“It is evident that Israel is exploiting the inauguration of the new American administration to escalate its violations and the prevention of any existence of a Palestinian state,” she said.

The Obama administration, along with much of the international community, repeatedly labeled settlement expansion as an obstacle to peace because it reduces and fragments the territory Palestinians want for a state. The United Nations considers settlement construction illegal, passing a resolution in Obama’s final days that condemned West Bank and East Jerusalem settlements as having no legal validity and continuing a “flagrant violation of international law.”

But international condemnation has come as support in Israel for the settlement movement has grown. What was once a fringe movement has become almost mainstream. Although some Israelis are still very opposed to settlements, the percentage of Israeli Jews who say that they believe the settlements help Israel’s security jumped from 31 percent in 2013 to 42 percent in 2015, according to a Pew survey. The Israel Democracy Institute, as part of its monthly Peace Index, also found last month that 44 percent of Israeli Jews support annexing the West Bank.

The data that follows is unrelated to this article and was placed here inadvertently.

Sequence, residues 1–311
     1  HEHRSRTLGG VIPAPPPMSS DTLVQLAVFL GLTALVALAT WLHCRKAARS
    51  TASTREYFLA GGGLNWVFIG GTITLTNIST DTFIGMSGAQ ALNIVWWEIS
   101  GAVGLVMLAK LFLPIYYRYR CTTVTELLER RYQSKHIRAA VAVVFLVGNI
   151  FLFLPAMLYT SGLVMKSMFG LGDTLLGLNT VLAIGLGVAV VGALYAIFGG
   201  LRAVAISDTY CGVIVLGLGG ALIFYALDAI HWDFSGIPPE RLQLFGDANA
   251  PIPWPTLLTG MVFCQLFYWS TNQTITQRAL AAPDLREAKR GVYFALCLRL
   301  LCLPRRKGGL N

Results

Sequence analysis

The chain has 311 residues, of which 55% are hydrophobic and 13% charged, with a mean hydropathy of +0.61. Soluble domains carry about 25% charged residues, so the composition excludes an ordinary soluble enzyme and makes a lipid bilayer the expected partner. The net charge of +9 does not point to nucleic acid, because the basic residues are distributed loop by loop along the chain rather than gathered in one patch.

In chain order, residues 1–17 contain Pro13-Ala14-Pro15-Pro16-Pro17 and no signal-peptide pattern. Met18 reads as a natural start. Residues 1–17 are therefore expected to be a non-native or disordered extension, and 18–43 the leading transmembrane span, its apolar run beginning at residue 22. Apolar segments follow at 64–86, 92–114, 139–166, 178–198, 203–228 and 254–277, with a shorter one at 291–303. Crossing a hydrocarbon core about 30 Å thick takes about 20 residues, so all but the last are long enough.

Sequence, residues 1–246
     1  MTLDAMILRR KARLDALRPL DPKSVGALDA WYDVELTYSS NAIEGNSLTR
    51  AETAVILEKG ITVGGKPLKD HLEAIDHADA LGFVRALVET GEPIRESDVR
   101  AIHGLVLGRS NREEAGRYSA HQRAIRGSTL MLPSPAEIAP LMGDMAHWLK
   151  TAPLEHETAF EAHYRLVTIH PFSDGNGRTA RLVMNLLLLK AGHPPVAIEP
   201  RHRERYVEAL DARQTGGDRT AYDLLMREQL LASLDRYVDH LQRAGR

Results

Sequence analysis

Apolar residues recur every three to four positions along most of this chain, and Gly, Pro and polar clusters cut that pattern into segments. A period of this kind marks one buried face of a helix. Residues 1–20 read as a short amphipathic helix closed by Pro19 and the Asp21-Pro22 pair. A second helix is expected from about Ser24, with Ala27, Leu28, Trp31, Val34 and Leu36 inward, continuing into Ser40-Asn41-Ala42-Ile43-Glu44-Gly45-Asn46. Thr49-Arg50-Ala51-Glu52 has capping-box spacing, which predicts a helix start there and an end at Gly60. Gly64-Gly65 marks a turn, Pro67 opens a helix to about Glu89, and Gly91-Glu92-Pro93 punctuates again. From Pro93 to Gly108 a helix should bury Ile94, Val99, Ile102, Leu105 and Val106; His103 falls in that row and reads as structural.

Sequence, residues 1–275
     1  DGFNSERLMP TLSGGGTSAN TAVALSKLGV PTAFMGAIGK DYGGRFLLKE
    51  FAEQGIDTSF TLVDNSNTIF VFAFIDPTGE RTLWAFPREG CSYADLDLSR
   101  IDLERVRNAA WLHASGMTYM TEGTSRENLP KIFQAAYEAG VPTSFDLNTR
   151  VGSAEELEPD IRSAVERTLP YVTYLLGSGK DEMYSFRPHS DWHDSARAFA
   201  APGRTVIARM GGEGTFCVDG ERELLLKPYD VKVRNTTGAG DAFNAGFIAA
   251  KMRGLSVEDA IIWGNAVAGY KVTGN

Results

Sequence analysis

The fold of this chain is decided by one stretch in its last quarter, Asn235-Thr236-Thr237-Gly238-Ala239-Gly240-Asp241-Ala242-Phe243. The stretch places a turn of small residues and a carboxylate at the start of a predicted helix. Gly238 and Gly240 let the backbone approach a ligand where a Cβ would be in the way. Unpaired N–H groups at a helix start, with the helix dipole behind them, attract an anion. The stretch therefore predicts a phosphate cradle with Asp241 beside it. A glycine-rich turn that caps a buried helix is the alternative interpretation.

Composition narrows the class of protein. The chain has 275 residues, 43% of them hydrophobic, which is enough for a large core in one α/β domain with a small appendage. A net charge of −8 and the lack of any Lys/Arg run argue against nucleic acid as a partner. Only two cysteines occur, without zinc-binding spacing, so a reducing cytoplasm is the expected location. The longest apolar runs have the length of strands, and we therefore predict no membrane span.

Trump and his closest advisers are expected to be much more sympathetic to settlement construction. Trump has indicated he will not continue his predecessor’s opposition to settlement building. And while he has remained mum on these most recent announcements, two of his closest advisers have ties to one of the settlements slated to expand under the new construction. Both David Friedman, Trump’s nominated ambassador to Israel, and Trump’s son-in-law Jared Kushner have supported the settlement of Beit El. Mr. Friedman has served as the president of American Friends of Beit El, a group that raises funds for the settlement, while Mr. Kushner’s family has donated to the settlement. 

This report includes material from the Associated Press and Reuters.